8. Instruction No. 16 is challenged upon the ground that it is argumentative. It explained that, where circumstantial evidence is solely relied upon for the proof of an accused's connection with the commission of a crime, “any fact essential to sustain the hypothesis of guilt and exclude the hypothesis of innocence," and any single fact from which the inference of guilt is to be drawn, “must be proved by evidence which satisfies the minds and conscience of the jury to the same extent that they are required to be satisfied of the facts in an issue in cases where the evidence is direct." We see nothing legally objectionable in the instruction; but, if it were amenable to just criticism, the defendant cannot complain of it, since the record shows that it was given and read to the jury at his request.
9. The general instructions preferred by the defendant and disallowed by the court we have carefully examined, and find that they involved the statement of principles fully and
clearly submitted to the jury in the court's charge. It is, therefore, unnecessary to give them special consideration.
10. We cannot say that the verdict was not justified. It at the least appears to be sufficiently supported by the proofs, and this is all that is required to put it beyond the power of a reviewing court to set aside a verdict, so far as the evidence is concerned. We have already stated that the evidence was not direct but consisted wholly of circumstances. Some of the most important of these have been adverted to. It is not necessary to further rehearse them herein. There are, however, several other circumstances of no inconsiderable significance, when considered with the other circumstances, and they are: 1. That, on the evening of the burglary and after Arkin and family and Johnson had left the burglarized building and gone to the picture show, a man answering the description of the defendant as to stature, build, and headgear, was seen standing in a sort of hallway leading into the Arkin drug-store and peering through the window of said store; 2. That, when the defendant and Ed. Martinez were first searched at Gerlach, the watch was not found on the person of either. An Ingersoll watch of the value of one dollar was found on the person of Ed. Martinez, who declared to the officers that that was the only watch they had. In this connection it was shown that after Ed. Martinez was searched he stepped up to and near the defendant, and that the two men were thereafter again searched and a gold watch, positively identified by Johnson as one of the watches stolen from his store, was found on the person of Ed. Martinez; 3. That the defendant was heard to ask Ed. Martinez, while the two were confined in jail, if the latter had “told anything” to the officers, the natural inference from which question was whether Ed. had made any statement to the officers of an incriminatory character concerning the case or their possession of a part of the stolen property.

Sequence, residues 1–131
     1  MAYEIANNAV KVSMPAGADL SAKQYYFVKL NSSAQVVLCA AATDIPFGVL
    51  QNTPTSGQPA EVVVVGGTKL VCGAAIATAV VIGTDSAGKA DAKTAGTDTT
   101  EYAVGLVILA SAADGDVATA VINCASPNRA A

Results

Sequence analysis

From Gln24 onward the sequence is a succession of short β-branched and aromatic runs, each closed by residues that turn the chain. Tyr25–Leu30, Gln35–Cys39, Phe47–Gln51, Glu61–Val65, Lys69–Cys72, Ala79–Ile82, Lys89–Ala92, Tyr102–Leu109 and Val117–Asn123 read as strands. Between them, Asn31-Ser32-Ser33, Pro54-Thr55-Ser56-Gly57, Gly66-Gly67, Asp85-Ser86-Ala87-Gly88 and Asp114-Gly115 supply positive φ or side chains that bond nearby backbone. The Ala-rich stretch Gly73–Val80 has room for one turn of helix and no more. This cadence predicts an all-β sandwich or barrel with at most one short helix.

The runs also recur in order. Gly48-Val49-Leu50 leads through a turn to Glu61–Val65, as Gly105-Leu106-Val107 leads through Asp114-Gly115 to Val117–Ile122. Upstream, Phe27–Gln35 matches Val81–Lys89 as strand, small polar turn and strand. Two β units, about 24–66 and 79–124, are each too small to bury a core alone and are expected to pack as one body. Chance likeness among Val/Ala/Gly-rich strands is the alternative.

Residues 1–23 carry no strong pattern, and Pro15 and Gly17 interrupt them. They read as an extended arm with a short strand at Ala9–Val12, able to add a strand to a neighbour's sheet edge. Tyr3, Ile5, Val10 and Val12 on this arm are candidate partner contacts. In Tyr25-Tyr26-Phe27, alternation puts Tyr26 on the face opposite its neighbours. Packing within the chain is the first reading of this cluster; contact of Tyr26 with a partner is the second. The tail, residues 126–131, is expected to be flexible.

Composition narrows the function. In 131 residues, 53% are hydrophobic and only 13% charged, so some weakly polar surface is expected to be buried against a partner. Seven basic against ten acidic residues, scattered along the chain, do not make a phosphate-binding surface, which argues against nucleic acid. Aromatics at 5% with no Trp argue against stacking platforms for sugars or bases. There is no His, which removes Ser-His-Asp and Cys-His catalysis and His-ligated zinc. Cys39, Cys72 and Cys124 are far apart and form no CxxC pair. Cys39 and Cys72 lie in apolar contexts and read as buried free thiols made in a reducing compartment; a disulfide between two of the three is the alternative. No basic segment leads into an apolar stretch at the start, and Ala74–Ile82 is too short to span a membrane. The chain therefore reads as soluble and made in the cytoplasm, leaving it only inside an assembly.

There is, then, this situation presented here, so far as the proof is concerned: The presence of the defendant and his companion in Portola just before the burglary was committed and thus opportunity to commit the crime available to them; the correspondence in size of the footprints on the surface of the snow leading to and from the building with the shoes worn by the defendant and his companion; the finding at Hawley, in which direction the accused were seen traveling,
of a part of the leather case in which one of the stolen watches was incased when taken from the store, a short time after the burglary; the possession by one of the parties of one of the stolen watches, and the contradictory statements made by the defendant and his companion in attempting to explain such possession. These, with the other circumstances mentioned, make out what may well be deemed a strong circumstantial case. At all events, if, as appears to be so, the jury believed the circumstances and the evidence by which they were shown, we cannot say, as a matter of law, that they thus arrived at an erroneous conclusion.